As Bunting notes, "only one region could produce milk at near that price. Is it reasonable to think that all the milk for all the country could be produced in one region? Absolutely not. Nor is it reasonable from an historical perspective to think we can count on Idaho remaining viable under the current pricing system. This is a race to the bottom. Within five years it could be Idaho, presently increasing milk production, competing with milk from the grassy plains of Argentina. Will fluid milk from Argentina cost less?"

Corporate interests in the dairy business argue that higher prices to dairy farmers will most likely generated a surplus despite the fact that there is no data to support that conclusion. According to USDA figures, 30 out of 50 states increased production in 1998. Wisconsin produced 4.75 times the increase that Vermont did. Idaho nearly 5.5 times. In fact, Idaho, which generated the largest increase, had farm milk prices six percent lower than the Northeast region. This indicates that low prices can and do generate surpluses. The reason for this, many dairy farmers argue, is that they do not set the price of their milk. In order to stay in business when the price is low they must compensate with increased volume.

Interestingly the corporate argument for greater volume is at the center of Monsanto's rationale for developing rBGH, the bovine growth hormone which promises to increase the cow's milk production.

A USDA table illustrates significant milk increases in 1995, a low price year, and a decrease from that in 1996, a high price year:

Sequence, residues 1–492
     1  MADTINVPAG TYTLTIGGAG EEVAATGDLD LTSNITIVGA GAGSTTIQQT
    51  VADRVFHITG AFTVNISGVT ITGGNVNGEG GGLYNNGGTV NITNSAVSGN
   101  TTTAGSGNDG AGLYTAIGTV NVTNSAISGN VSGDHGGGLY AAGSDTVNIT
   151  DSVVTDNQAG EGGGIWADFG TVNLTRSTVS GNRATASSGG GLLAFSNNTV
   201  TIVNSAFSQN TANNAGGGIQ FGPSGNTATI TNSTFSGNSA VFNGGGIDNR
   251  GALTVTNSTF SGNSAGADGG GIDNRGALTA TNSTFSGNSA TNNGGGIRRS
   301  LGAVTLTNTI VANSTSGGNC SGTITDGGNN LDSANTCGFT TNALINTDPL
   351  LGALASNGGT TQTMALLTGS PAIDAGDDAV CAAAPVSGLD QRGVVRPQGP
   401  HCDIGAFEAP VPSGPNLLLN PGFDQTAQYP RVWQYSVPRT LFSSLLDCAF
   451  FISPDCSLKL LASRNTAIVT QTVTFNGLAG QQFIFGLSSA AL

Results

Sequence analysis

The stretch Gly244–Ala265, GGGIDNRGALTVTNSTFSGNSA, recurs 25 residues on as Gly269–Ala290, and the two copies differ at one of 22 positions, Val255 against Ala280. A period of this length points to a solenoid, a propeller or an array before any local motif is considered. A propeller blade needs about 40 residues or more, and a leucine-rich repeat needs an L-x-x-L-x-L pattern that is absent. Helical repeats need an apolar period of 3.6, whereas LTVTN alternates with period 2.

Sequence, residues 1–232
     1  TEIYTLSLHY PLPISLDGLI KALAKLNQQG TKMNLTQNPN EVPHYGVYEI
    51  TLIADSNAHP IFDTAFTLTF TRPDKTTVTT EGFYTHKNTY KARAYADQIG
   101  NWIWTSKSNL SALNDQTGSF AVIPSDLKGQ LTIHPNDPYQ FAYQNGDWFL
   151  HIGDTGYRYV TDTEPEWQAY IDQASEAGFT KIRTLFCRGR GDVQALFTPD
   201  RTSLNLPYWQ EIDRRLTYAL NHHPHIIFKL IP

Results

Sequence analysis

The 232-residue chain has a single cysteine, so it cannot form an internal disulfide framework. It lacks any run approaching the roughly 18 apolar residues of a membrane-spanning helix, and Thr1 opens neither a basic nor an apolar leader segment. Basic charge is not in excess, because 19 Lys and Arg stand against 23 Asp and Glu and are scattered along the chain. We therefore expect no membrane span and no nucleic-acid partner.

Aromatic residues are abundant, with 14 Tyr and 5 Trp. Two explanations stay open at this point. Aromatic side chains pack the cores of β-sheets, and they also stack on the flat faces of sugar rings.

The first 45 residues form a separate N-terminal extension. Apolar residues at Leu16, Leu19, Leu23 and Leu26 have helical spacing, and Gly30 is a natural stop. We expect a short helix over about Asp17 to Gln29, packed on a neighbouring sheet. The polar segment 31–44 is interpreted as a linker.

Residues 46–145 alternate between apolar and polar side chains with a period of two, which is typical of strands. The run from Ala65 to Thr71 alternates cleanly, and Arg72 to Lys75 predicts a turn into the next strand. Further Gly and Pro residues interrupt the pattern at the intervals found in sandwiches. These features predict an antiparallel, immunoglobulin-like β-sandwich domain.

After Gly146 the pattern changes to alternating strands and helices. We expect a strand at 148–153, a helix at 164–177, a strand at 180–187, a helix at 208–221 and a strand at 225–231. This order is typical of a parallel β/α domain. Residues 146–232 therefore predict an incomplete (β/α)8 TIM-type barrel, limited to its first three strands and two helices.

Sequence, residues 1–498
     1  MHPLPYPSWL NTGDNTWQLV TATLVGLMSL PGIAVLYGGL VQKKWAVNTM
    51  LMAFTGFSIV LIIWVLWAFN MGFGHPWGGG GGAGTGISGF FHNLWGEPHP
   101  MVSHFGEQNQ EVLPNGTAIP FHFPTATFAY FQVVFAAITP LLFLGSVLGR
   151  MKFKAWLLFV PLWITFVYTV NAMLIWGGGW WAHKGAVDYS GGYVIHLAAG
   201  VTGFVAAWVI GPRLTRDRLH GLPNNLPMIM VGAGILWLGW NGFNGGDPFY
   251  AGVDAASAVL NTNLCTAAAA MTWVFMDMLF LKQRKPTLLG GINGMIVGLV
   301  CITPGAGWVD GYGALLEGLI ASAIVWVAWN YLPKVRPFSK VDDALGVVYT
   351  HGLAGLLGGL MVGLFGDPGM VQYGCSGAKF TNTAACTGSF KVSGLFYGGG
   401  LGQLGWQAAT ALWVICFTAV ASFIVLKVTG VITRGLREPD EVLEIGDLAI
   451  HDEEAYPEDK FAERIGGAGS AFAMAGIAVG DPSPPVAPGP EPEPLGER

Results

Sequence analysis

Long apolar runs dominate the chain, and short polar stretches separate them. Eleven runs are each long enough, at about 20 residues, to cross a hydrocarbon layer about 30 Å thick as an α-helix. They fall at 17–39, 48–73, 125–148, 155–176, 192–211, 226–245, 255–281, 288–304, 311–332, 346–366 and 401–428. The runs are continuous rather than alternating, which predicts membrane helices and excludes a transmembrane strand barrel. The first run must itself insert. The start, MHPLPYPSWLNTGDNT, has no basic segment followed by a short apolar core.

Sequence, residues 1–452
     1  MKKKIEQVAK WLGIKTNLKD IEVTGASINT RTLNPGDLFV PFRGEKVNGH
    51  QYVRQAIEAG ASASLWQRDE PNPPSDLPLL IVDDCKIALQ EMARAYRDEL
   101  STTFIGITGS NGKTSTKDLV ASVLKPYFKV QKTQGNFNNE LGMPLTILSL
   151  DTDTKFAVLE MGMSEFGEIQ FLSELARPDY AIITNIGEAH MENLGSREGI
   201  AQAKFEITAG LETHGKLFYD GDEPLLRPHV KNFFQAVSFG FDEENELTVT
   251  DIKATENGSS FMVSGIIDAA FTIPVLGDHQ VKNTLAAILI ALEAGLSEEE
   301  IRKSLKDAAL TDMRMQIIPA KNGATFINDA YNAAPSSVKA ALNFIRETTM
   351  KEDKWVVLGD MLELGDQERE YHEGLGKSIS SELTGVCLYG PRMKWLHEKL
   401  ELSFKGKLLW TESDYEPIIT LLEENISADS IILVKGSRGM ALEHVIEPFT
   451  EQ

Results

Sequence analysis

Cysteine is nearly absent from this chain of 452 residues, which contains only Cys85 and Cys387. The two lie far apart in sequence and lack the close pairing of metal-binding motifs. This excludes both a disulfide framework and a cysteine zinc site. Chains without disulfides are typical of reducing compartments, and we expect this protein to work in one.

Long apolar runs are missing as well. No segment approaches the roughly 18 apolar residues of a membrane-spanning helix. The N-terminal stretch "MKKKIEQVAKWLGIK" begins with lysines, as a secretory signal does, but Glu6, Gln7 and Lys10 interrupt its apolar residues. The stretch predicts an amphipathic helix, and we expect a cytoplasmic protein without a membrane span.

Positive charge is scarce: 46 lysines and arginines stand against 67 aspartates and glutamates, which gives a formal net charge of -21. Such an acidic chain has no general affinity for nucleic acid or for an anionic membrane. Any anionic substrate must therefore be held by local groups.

1992      1993       1994        1995          1996         1997

 All milk price ($/cwt)           13.15     12.84      13.01       12.78         14.75       13.36
 National  Production        150,885  150,637  153,602  155,293     154,006   156,091

While dairy farmers have been suffering from low prices consumers have hardly benefited from the torture applied to dairy farmers by the current pricing system?

                                     1992   1993   1994    1995   1996   1997

 Farm Milk Price        13.15  12.84  13.01   12.78  14.75  13.36
 Retail Price  Indices  ('82-'84=100)

 Whole Milk               126.4  127.9  131.2   132.3  142.4  141.9
 Cheese                       135.5  135.3  136.4   137.9  144.7  144.7
 All Dairy                    128.5  129.4  131.7   132.8  142.1  145.5
 All Food                    137.9  140.9  144.3   148.4  153.3  157.5
 CPIndex                    140.3  144.5  148.2   152.4  156.9  160.6

Data source: USDA